A prison pen pal is basically someone who chooses to write to an inmate over time, corresponding about things one or both of you care about. Typically, it is friends and family who send these types of correspondence, but there are a few programs that allow unknown people to be paired with inmates as a way of communicating with the outside world. Just as most things are regulated and ruled in prison, so is mail correspondence.
Jail mail is the system in which inmates receive mail and it is very specific. Inmates are only allowed to receive paper and pen/pencil or typed letters in sealed envelopes with no embellishments. Some prisons may allow photos of a certain size or even colored pictures from children, but no staples, clips, or alteration of materials are allowed. You can also not include cash, coins, or explicit material in any form. However, a money order may be allowed. When writing to an inmate, know that their mail will all be opened and reviewed prior to receiving any letter so nothing of a personal, explicit, or illegal nature should ever be included. This includes anything about a case whether pending or resolved. Jail mail also often takes longer to be delivered than regular mail as the sorting process can take a long time, especially in larger prisons. Even legal documents may be reviewed, but are also allowed by all prison systems.
Some updated prisons may have an inmate email system. However, this may not work like regular email. The email you send will likely be sent to a prison email with the inmate’s number and this email reviewed and printed out and then handed to the inmate. However, some prisons have moved to a more advanced system in which inmate email is sent and received electronically after the inmate has purchased computer time from commissary. Do not assume if transmitted electronically that emails will not be read, but they may allow for pictures to be sent digitally.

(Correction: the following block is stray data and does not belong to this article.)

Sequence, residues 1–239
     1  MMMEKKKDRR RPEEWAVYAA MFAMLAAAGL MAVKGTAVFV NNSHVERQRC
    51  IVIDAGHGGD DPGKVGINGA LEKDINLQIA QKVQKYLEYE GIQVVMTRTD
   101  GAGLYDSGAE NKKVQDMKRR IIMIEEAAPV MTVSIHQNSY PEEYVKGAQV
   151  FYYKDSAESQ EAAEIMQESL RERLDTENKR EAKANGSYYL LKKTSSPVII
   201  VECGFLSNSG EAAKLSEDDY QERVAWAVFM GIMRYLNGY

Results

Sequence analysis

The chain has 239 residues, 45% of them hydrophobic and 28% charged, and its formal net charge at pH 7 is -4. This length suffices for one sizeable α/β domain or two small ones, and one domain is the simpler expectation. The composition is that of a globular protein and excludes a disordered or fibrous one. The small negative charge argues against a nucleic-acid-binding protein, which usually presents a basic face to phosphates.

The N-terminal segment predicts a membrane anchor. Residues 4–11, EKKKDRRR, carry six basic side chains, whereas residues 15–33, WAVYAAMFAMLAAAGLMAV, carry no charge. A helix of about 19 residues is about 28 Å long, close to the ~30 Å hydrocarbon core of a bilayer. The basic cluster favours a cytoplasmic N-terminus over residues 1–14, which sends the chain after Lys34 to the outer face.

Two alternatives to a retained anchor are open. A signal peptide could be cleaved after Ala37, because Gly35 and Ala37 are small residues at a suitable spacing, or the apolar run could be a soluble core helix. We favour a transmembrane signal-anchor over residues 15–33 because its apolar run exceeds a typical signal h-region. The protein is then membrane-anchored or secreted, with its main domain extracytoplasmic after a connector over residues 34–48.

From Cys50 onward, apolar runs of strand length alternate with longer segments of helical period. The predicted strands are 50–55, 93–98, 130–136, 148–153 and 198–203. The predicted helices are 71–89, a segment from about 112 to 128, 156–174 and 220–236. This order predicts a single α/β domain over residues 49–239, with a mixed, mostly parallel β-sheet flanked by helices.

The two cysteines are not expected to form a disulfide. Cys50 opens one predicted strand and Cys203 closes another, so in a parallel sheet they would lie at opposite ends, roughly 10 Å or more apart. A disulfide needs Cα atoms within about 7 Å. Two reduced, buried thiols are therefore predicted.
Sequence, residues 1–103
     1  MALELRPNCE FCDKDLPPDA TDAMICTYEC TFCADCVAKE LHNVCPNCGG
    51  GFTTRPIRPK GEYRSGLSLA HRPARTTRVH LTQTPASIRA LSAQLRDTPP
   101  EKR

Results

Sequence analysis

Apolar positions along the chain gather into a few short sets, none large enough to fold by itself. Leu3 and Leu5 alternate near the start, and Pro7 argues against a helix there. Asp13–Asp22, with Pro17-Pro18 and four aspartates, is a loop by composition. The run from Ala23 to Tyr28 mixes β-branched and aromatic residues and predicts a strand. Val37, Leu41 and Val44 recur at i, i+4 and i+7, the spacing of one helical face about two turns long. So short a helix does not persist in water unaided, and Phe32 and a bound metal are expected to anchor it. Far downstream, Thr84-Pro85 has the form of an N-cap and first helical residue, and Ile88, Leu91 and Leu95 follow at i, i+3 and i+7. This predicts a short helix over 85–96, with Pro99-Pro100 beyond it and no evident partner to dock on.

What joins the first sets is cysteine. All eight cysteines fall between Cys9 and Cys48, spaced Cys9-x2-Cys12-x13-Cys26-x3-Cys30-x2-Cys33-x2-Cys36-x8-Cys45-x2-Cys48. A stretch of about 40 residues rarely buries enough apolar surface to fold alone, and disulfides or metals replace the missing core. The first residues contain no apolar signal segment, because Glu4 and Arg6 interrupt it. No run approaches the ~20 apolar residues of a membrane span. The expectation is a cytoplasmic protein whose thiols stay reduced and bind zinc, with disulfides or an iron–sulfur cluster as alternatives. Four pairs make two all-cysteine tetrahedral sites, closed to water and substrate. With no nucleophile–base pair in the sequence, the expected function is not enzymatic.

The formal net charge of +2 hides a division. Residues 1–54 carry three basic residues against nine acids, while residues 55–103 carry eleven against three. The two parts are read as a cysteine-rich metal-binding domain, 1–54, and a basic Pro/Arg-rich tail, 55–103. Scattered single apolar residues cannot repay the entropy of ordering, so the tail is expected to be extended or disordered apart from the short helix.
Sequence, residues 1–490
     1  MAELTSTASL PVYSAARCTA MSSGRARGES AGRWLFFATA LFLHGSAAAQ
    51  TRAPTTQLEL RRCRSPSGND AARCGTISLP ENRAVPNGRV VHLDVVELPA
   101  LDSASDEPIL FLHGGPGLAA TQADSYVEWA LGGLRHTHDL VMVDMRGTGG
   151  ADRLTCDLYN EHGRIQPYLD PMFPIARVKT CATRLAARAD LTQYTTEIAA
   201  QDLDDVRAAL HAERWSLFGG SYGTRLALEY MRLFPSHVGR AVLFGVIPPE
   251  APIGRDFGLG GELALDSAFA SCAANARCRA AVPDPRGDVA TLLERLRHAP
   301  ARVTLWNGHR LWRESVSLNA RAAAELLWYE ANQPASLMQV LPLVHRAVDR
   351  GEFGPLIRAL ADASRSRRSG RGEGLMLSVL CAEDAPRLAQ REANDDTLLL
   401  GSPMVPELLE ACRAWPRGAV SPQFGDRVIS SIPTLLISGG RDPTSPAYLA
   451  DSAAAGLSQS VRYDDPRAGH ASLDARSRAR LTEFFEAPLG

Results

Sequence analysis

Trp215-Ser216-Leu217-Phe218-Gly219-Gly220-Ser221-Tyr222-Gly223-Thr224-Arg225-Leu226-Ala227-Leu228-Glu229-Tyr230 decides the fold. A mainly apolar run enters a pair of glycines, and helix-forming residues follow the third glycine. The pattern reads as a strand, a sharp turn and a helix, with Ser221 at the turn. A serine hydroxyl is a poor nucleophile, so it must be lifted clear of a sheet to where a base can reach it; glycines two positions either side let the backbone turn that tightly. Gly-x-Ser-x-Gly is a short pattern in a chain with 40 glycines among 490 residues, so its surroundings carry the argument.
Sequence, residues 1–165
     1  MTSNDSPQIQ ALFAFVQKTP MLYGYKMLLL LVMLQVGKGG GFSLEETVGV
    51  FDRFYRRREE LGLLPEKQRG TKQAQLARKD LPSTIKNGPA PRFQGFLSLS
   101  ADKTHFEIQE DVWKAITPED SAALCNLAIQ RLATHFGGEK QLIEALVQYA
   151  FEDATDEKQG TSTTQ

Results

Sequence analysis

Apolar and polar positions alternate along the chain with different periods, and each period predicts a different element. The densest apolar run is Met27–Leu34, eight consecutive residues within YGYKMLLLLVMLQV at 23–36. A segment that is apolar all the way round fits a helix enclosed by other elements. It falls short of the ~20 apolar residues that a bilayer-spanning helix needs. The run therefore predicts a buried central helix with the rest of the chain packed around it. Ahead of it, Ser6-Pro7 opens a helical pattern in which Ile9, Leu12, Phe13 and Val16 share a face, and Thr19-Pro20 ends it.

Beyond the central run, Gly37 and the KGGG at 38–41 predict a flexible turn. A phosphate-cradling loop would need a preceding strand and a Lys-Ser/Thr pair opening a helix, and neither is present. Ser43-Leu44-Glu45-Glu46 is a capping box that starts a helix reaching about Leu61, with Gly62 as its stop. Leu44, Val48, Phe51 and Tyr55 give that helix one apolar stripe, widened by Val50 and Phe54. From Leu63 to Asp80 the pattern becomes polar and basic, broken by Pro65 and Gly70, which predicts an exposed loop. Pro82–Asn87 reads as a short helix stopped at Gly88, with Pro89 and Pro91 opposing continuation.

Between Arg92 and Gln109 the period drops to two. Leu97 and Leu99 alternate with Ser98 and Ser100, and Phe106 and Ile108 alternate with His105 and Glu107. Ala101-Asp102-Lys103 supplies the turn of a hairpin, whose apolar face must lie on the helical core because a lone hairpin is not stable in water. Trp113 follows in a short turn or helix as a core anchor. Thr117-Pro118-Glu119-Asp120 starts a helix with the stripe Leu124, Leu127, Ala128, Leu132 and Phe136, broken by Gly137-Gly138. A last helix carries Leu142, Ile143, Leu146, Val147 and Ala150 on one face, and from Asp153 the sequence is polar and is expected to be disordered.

Whether you send snail mail through the jail mail system or use inmate email, know that certain information must be included for it to reach its final destination. This typically includes the inmates full name, the facility’s address, and the inmate number for sorting purposes.
Communication for inmates with the outside world is important. This is a way to stay in contact and connected with family, friends and children. Children may enjoy sharing work, pictures, drawings, and even letters with parents or relatives behind bars as a way to stay in contact and discuss their days. This can make the time pass faster for both the children and the inmate. The same holds true for family members, especially those that are older or in poor health who cannot visit often or at all. The person in prison can still be part of life, even from behind bars.
If you are ready to write to an inmate then knowing the rules for a specific facility is important. This can be found on our write an inmate page. If you have further questions or concerns then call the jail to ask.